In boxing, a round generally lasts more than 120 seconds, so it’s natural to assume that the sport primarily uses the intermediate energy system. Not quite, as there are many breaks and moments of lower activity that allow for recovery.

Fox and Matthews say that the short-term energy system contributes 90 percent of the energy for wrestling, a sport similar to boxing, as power is a key quality to success. However, wrestling is unlike boxing in that it consists of only three bouts in a match. So, in boxing, the accumulative fatigue that develops during 12 rounds increases the contribution of the intermediate and long-term energy systems; about 70 percent of the contribution will be from the short-term energy system.

For program design purposes, the way to classify boxing is that it has a 3:1 work-to-rest ratio, with a 3-minute round followed by a one-minute rest. However, short breaks often occur in each round, and this recovery reduces the contribution of the intermediate- and long-term energy systems.

The long-term energy system is not the predominant system in boxing, so I train it only in small amounts as a method of recovery. Boxers often do too much long-term energy system training, which has the effect of reducing their punching power, compromising their immune system, and, according to a 1990 study on American boxers, could be directly associated with overuse injuries in boxers.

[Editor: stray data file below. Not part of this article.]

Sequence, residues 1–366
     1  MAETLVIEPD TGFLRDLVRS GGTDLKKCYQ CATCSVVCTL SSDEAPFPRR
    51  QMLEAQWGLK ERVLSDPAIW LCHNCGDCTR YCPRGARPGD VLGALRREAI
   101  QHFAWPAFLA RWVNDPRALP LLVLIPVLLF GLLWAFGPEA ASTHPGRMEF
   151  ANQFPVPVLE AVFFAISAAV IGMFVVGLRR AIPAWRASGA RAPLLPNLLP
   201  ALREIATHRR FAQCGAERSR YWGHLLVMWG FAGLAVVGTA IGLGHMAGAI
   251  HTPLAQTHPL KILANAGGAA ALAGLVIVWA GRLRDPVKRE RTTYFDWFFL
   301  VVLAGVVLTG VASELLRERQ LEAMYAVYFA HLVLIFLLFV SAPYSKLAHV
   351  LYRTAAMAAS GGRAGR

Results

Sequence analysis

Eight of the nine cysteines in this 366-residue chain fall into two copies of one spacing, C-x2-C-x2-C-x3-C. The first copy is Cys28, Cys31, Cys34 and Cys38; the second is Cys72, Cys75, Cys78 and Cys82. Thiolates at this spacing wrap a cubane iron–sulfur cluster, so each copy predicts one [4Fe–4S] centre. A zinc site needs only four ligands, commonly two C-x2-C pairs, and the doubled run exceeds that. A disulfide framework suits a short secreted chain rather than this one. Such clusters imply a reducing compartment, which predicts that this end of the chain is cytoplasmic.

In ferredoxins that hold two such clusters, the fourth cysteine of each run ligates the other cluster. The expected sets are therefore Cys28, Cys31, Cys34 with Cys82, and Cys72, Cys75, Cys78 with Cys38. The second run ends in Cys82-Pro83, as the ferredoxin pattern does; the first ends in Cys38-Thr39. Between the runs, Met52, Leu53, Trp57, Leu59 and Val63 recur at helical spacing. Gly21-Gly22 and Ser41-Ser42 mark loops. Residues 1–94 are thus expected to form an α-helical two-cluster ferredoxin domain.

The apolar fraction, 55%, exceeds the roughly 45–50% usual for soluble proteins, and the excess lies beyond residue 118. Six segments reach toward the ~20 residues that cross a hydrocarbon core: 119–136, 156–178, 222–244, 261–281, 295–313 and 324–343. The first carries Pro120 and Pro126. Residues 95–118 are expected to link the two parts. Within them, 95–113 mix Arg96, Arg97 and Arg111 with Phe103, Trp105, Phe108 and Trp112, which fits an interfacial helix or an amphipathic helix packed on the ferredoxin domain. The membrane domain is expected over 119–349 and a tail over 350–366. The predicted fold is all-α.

Generally speaking, I have my fighters perform some form of specific energy system training four times per week for about 45 minutes, which includes a warm-up and also a cool-down period, at least five minutes each. I do not include stretching as part of the cool-down. I have found better results in having my fighters stretch several hours after an energy system training session, as it is difficult for them to stretch immediately after such training. Also, I have my fighters stretch at the gym, not at home, to ensure the work gets done.

As for the content of these energy system workouts, I favor repeat sprints of 40 meters because these shorter distances enable these athletes to produce a high level of intense activity. There are also many studies, such as one published in the July 1994 issue of Metabolism, showing that short, high-intensity interval training is a superior method of achieving fat loss compared to the other types of energy system training.